Background: Various older adult care settings have embraced the use of the life story approach to enhance the development of comprehensive care plans. However, organizing life stories and extracting useful information is labor-intensive, primarily due to the repetitive, fragmented, and redundant nature of life stories gathered from everyday communication scenarios. Existing life story systems, while available, do not adequately fulfill the requirements of users, especially in the application of care services.
Objective: The objective of this study is to design, develop, and evaluate a digital system that provides caregivers with the necessary tools to view and manage the life stories of older adults, enabling expedited access to pertinent information effectively and visually.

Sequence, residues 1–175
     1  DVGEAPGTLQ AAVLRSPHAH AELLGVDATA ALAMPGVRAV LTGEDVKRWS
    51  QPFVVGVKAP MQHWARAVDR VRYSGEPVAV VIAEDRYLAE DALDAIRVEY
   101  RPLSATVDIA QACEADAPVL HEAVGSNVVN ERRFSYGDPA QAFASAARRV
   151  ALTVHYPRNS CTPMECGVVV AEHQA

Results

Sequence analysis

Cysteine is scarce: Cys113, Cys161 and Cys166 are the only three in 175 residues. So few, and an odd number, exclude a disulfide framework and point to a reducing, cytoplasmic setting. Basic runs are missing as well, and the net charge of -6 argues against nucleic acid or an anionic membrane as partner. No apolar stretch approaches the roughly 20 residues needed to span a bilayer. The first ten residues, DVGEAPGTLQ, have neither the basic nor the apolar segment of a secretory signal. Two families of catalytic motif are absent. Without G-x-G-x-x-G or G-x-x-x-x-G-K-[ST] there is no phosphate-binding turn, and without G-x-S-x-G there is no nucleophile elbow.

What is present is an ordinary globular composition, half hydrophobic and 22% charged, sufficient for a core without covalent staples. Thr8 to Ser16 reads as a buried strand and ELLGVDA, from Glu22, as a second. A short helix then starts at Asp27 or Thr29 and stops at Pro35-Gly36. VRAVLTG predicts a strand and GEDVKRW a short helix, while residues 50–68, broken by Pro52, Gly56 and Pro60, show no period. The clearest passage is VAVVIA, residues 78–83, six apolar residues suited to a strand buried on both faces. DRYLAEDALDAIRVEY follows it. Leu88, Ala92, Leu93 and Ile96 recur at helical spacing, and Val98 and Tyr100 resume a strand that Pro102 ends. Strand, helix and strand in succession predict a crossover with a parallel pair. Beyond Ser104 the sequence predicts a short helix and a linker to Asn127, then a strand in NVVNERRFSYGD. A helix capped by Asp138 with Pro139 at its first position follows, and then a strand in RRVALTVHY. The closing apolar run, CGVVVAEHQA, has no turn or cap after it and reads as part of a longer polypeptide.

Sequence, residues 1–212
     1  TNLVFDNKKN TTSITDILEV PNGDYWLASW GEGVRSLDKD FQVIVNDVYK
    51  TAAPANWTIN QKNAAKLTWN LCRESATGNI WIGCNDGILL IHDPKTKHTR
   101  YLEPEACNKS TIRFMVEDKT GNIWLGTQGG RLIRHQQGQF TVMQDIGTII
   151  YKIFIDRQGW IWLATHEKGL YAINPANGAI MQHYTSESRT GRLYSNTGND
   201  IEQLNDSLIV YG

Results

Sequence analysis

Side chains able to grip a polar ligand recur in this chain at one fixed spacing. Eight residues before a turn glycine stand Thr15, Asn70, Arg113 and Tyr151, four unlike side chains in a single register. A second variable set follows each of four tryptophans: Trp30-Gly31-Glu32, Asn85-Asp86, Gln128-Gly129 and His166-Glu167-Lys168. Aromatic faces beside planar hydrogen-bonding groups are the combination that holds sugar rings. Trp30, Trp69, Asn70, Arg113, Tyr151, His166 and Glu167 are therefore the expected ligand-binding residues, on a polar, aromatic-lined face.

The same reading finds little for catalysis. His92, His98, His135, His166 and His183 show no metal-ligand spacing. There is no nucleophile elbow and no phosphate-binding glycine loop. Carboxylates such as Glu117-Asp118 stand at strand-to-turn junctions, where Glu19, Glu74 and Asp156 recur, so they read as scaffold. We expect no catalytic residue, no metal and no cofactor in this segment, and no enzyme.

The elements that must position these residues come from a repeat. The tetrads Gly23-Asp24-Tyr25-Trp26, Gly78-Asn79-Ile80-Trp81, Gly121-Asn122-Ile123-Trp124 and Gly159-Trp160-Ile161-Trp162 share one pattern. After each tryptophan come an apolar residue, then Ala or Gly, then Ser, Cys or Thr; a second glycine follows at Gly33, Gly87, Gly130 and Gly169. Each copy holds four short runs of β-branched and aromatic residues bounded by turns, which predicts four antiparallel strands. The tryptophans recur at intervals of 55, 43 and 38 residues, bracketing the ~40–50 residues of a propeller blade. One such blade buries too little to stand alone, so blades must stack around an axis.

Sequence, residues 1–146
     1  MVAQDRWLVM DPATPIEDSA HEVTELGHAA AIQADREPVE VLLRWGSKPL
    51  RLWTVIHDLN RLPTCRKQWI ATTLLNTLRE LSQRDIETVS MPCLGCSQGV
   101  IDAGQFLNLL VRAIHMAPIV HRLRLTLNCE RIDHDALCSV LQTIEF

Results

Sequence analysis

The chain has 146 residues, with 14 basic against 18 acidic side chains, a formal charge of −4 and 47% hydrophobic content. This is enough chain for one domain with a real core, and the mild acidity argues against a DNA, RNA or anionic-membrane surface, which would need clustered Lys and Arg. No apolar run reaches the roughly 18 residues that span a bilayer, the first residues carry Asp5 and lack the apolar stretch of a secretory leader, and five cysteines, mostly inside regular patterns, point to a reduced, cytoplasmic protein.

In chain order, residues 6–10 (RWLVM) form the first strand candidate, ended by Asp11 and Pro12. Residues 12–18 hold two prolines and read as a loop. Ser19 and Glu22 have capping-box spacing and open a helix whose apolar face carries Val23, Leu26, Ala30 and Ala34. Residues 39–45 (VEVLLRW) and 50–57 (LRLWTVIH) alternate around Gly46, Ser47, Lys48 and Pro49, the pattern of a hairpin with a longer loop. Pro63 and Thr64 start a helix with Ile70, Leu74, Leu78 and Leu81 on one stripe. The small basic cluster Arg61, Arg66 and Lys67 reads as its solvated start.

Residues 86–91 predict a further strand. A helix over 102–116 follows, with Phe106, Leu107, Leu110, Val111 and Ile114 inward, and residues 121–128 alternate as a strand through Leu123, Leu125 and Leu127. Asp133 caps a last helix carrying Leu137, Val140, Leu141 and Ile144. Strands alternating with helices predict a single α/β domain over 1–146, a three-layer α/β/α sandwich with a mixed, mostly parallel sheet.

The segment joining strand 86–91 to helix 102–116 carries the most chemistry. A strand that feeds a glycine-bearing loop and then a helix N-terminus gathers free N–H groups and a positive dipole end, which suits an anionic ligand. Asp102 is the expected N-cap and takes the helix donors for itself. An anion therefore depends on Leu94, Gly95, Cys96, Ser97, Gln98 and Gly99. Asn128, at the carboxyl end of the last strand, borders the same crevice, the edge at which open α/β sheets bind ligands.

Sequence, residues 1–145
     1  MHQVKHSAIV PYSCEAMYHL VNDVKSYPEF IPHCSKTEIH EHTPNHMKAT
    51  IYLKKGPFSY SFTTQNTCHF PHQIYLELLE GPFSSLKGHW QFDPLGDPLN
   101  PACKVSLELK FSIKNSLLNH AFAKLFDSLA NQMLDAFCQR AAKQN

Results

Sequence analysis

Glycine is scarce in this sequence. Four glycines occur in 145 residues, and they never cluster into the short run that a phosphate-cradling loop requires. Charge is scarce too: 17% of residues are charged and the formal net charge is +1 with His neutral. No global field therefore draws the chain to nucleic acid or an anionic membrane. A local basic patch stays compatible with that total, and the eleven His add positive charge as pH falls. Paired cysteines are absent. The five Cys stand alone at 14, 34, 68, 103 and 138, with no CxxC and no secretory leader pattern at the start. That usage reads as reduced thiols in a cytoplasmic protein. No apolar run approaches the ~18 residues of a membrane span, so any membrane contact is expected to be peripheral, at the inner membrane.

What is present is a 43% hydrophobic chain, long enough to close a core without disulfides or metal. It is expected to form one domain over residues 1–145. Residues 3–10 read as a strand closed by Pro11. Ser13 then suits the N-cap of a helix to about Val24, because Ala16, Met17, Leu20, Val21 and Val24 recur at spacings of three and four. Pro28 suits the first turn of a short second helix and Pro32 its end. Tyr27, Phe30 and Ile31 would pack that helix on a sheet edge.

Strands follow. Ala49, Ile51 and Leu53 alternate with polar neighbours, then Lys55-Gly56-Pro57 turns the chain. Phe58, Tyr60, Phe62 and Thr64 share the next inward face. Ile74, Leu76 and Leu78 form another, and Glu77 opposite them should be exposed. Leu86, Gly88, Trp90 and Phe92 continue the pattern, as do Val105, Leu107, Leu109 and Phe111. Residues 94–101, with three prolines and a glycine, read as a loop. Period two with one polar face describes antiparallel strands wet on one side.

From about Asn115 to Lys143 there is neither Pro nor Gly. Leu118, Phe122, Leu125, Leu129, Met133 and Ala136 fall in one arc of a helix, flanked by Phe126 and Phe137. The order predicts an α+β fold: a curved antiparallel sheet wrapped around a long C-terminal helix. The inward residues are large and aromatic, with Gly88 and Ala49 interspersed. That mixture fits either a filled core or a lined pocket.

Methods: This study used a multidisciplinary, user-centered design approach across 4 phases: initial design requirements, prototyping, prototype refinement workshops, and usability testing. During the initial phase, we conducted field research in the Hefei Tianyu Senior Living Service Nursing Home, China, to discover how caregivers currently store and use life stories and their needs, challenges, and obstacles in organizing and retrieving information. Subsequently, we designed a low-fidelity prototype according to the users’ requirements. A prototyping workshop involving 6 participants was held to collaboratively design and discuss the prototype’s function and interaction. User feedback from the workshops was used to optimize the prototype, leading to the development of the system. We then designed 2 rounds of usability testing with 7 caregivers to evaluate the system’s usability and effectiveness.